By Christopher Schonberger
Even though Small Businessman Magazine tells us that Chili’s is the new golf course (thank you, Michael Scott), golf is still corporate America’s favorite pastime. From weekend outings with the boss or a client to the annual company tournament, the ability to lay up a nice approach shot
(or at least act the part on the links) can help you stand out more than a spreadsheet ever would.
A lot of recent grads enter the workplace full of confidence. “I’m so smart and better at computers than any of these dinosaurs,” they think to themselves. But little do they know, old men are incredible at golfing, and as soon as the annual round robin tourney rolls around that youthful swagger will quickly wear off.
Business golf is a far cry from hitting up the driving range with a six pack, and it can be intimidating for people with limited experience. Learning how to actually play golf will take some time and may require taking lessons or enlisting the aid of a friend. But learning how to not look like a joker is pretty simple—we’ve compiled a quick primer to get you ready for the various sand traps and water hazards of corporate golfing.
[Note: If you really think the notion of you swinging a club at a tiny ball is a recipe for disaster, consider volunteering at the company tournament . At least you’re still out there, in the mix and part of the team.]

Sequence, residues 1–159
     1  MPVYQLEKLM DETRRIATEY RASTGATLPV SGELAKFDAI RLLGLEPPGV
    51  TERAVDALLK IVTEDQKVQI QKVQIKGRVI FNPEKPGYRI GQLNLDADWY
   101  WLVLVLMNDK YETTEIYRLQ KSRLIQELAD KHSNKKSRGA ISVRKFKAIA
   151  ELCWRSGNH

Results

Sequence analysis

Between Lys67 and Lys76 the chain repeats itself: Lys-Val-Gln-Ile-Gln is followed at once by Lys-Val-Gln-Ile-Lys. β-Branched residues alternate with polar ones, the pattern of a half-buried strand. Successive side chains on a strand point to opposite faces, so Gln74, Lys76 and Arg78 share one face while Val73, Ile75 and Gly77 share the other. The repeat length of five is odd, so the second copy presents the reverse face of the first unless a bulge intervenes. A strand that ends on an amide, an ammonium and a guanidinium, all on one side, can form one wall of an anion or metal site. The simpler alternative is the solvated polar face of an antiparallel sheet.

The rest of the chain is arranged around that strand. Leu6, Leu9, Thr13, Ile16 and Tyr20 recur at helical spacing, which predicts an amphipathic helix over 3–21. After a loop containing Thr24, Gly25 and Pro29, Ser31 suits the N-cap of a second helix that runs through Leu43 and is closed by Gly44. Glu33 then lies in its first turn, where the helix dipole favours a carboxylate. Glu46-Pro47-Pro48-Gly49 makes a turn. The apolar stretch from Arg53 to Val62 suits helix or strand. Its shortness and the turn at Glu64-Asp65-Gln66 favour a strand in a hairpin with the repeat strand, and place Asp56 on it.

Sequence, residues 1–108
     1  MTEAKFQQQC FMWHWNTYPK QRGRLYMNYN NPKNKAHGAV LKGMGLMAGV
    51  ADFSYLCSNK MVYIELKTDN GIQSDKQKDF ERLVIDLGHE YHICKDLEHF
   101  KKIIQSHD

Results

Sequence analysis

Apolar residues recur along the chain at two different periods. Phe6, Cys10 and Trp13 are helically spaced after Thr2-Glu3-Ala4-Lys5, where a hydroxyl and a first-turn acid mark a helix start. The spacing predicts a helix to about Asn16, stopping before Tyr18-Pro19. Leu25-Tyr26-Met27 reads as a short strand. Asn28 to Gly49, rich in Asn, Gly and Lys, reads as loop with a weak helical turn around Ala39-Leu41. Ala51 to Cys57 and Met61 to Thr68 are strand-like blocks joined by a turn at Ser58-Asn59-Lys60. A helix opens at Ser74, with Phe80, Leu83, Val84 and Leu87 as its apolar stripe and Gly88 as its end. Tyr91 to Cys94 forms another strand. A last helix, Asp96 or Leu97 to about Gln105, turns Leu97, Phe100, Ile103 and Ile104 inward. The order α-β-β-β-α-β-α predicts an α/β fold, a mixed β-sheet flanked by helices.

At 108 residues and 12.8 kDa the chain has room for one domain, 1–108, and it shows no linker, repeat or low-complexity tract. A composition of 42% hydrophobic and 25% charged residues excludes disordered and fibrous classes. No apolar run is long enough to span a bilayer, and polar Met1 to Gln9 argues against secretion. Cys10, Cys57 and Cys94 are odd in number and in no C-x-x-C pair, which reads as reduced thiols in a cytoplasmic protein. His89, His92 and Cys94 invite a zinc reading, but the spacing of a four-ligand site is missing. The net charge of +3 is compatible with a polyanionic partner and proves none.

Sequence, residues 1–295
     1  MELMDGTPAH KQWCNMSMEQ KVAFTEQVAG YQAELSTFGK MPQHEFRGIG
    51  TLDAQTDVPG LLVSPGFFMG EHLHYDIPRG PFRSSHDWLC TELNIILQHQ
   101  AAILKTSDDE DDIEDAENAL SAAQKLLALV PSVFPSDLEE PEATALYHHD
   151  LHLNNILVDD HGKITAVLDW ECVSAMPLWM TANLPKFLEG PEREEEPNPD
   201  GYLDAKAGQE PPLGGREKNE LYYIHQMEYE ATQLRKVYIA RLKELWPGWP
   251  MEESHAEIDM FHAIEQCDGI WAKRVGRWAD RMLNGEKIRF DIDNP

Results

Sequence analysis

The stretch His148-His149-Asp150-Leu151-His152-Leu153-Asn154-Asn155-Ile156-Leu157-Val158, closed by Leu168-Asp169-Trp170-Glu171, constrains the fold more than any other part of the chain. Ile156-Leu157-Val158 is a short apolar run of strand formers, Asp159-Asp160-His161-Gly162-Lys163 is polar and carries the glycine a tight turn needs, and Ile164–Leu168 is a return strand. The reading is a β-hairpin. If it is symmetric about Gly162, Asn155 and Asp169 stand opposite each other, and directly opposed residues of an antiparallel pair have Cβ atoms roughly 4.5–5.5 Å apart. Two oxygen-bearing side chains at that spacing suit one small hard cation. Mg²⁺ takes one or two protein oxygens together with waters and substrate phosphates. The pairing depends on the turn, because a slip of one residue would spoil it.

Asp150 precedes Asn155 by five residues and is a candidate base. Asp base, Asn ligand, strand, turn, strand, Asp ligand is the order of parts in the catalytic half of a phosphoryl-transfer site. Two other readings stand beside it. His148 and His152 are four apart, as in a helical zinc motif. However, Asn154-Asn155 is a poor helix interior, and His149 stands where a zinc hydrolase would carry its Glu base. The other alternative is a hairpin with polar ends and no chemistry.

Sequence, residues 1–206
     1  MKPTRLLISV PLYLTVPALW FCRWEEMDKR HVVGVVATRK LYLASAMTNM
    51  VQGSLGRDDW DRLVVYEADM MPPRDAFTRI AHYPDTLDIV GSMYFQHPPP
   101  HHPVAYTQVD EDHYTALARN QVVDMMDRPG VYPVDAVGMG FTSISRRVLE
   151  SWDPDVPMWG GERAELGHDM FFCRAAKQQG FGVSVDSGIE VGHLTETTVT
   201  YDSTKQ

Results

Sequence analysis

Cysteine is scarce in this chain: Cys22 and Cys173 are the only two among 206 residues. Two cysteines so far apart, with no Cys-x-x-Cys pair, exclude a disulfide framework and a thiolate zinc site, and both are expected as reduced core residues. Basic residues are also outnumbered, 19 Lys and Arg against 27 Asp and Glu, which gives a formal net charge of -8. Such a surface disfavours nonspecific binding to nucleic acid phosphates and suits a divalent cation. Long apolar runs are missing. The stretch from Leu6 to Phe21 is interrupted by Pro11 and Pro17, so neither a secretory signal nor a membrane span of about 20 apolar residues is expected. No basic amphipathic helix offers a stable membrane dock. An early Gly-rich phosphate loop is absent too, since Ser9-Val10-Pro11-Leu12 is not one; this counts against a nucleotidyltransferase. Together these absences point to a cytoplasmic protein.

Golf is a gentleman’s sport, and as such, proper etiquette is as important as being able to wallop a drive 300 yards down the fairway. For the most part, bosses and colleagues will forgive a four putt, but an egregious faux pas could follow you back to the office. Here are a few fundamentals to brush up on before hitting the clubhouse.
Dressing the Part
Golf attire should be kept conservative on your first outing, but there’s no need to go overboard. A pair of khaki pants and a tucked-in polo shirt are always a good starting point. Think “sports casual,” but remember that you’re not Tiger Woods and it’s not your place to flaunt tradition. Hats should be worn forward and ideally feature the name of some New England town like “Newport, Rhode Island.” If you don’t have golf spikes, a reasonable pair of running shoes will suffice.